Language and culture in an EFL classroom

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This is a great topic for discussion because although all of us teachers are busy teaching our students English, we cannot forget that teaching a language is as much a cultural exchange as it is anything else.

Sometimes we may be so immersed in getting the task of English done that we miss important opportunities to connect with our learners on cultural levels, levels that can enhance students’ learning. This short blog post will discuss the benefits of incorporating students’ native language (L1) and culture in the class, and I will give a personal anecdote or two about how doing so helped me in my teaching context.

Before diving into the crux of this post, I would like to differentiate between ESL and EFL, ESL being English that is taught in primarily English-speaking countries, whereas EFL is where English is primarily taught in foreign contexts and as a foreign language. Incorporating L1 language and culture would probably be easier in EFL contexts than in ESL contexts, and this is for one main reason. Students in ESL contexts generally come from many different L1 backgrounds (i.e. Asian, Middle Eastern, South American countries, etc.), while students in EFL contexts will generally be from the same language and culture. Thus, a teacher in an ESL context would need to have more extensive knowledge of all of his/her students’ languages and cultures in order to incorporate them all equitably and meaningfully in class. In EFL contexts, however, teachers are generally teaching students who share one language and one culture. Thus, this post has been written primarily with EFL contexts in mind, though it is possible to be implemented in ESL contexts albeit with slightly more difficulty.

“Languages have strong, inseparable, and complex ties to culture” (Jenkins, 2010) and learning a language essentially opens a window into the culture and customs of a people. Though English teachers all over the world are focused on making sure their students acquire the linguistic skills needed to advance their nations, L1 language and culture also play an important role in the language classroom. In my opinion, incorporating L1 language and culture has two primary benefits; it builds rapport which eases apprehension and breaks down barriers, and it potentially saves precious class time. In my experience, I have found that students really appreciate when their teacher exhibits interest in their customs and cultural practices. For students, it signifies that not only is the teacher concerned with teaching English, but he/she is also considerate of and interested in learning about the host country’s way of life. For example, in Saudi Arabia going out on family outings and frequently visiting family members makes up a major part of the fabric of society. Thus, whenever there is an opportunity to try to connect lesson content with the students’ lives, I do my best to incorporate things that I know are important to them as well as things that they are very familiar with. In a lesson on cultural perspectives on “time”, for example, I might use family gatherings as an example of determining appropriate protocol in relation to time when Saudi families get together. Linking lesson content to students’ lives and culture goes a long way in building rapport as they grow to appreciate you taking an interest in learning about their culture, it breaks down cultural barriers, and it helps students stay motivated to learn.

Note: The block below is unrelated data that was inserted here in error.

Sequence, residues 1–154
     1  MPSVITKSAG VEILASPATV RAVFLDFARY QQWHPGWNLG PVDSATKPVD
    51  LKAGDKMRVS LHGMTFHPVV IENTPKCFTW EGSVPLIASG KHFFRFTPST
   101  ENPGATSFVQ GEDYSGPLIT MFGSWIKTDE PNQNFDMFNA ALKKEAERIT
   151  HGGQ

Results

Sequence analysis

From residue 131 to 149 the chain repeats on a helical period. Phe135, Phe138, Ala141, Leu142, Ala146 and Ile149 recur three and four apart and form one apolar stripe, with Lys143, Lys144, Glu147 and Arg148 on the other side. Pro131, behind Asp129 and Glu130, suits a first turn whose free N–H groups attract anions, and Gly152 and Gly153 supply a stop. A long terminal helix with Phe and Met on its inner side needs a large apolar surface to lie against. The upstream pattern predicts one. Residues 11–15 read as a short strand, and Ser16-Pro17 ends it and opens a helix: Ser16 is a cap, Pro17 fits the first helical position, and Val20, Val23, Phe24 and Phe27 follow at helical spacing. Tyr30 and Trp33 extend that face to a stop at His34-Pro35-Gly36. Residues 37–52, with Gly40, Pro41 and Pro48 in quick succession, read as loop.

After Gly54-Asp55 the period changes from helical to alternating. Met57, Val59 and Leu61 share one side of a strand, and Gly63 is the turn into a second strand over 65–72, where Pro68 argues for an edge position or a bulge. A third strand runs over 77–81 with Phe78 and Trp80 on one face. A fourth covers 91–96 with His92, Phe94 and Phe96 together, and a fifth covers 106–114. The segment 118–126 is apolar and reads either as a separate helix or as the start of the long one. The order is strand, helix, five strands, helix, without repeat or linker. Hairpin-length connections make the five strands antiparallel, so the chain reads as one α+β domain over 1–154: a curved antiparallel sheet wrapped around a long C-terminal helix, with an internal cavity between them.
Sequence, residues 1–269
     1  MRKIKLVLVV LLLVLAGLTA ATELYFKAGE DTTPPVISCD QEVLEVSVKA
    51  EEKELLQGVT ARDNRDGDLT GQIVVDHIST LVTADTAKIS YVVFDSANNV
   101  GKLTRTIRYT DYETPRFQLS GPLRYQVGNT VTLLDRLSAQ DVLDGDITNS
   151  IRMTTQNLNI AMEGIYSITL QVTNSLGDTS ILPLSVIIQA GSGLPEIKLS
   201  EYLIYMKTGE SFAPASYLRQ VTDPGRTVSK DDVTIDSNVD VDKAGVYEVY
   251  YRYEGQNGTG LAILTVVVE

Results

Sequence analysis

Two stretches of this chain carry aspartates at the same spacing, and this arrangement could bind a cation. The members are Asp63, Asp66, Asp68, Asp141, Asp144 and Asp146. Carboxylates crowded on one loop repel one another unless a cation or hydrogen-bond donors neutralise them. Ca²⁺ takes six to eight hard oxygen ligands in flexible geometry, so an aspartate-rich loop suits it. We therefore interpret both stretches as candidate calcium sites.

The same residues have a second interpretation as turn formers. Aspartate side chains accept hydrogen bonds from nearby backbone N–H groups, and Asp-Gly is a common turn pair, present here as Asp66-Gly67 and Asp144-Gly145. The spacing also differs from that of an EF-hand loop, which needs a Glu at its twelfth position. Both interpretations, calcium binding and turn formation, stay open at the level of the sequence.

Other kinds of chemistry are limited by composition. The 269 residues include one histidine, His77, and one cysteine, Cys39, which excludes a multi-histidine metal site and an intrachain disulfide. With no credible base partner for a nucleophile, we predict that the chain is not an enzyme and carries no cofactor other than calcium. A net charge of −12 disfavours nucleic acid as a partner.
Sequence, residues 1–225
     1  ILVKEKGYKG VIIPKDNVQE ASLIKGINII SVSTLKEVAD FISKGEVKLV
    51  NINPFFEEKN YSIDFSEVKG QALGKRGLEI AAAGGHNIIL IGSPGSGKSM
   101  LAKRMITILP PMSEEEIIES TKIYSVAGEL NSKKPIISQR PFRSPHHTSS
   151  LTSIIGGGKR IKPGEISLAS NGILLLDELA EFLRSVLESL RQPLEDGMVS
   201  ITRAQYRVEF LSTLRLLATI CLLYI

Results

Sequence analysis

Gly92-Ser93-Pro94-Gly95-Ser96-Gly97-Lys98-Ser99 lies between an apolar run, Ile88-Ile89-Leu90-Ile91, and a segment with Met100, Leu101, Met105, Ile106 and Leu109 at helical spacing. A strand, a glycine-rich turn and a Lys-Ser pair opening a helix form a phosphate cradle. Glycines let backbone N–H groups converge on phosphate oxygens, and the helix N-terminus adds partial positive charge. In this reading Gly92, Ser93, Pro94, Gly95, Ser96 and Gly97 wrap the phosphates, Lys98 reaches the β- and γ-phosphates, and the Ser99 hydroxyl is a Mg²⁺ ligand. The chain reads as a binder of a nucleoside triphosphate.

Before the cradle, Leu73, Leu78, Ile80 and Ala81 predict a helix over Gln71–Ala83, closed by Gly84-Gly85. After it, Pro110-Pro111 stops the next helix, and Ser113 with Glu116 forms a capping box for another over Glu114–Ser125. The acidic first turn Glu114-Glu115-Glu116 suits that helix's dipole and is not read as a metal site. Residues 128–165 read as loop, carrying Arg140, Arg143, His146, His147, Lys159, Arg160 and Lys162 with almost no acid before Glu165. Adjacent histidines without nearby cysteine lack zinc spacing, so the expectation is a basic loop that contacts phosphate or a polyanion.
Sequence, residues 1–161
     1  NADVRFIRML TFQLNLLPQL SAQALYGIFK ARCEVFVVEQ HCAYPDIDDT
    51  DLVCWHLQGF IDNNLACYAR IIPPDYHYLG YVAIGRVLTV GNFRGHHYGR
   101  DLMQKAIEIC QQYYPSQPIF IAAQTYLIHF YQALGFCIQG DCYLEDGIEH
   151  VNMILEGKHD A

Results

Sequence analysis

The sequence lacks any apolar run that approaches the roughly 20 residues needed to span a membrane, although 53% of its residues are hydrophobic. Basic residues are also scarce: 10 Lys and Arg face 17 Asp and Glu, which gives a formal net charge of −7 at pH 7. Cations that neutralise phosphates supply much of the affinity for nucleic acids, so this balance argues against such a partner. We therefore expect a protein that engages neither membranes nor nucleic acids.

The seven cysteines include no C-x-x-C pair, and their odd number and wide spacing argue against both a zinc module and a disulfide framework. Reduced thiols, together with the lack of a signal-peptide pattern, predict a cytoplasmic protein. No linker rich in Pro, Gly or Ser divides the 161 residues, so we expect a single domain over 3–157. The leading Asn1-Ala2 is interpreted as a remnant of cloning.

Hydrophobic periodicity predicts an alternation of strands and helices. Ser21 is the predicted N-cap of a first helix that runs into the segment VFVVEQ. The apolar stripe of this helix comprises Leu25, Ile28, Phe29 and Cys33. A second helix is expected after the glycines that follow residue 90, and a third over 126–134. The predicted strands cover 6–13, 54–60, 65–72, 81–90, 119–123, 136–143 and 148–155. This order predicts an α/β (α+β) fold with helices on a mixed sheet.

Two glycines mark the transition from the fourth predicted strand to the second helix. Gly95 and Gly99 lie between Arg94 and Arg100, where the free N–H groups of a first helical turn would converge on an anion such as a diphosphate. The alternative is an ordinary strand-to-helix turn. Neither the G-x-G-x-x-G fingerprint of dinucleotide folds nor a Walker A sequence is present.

The other major benefit of incorporating L1 language in the class is that it can become a precious time saver! With abstract concepts like “patience” and “compassion” or with cultural practices in L2 that are foreign/unknown in L1, sometimes explaining can take a tremendous amount of time. I remember once trying to explain the idiom “it’s raining cats and dogs”, which took about 5-7 minutes because 1) it doesn’t rain much here in Saudi Arabia, 2) they couldn’t quite understand the allusion to cats and dogs, and 3) they don’t have a similar Arabic expression. After painstakingly trying, I had one of my students translate it in class, I understood and approved the translation, and we were able to carry on class without using up more valuable class time. In that instance, by knowing the language I felt comfortable allowing the student to translate because I could assess the accuracy of the translation and we could carry on with the lesson.

There is of course a delicate balance in incorporating L1 in that we do not want to over rely on it such that learners fail to want to experiment with L2; that would certainly not be desirable. But for the sake of building rapport and maximizing class time, incorporating L1 language and culture has tremendous value.

Reference: Jenkins, S. (2010). Monolingualism: an uncongenial policy for Saudi Arabia's low-level learners. ELT Journal, 64(4), 459-461.

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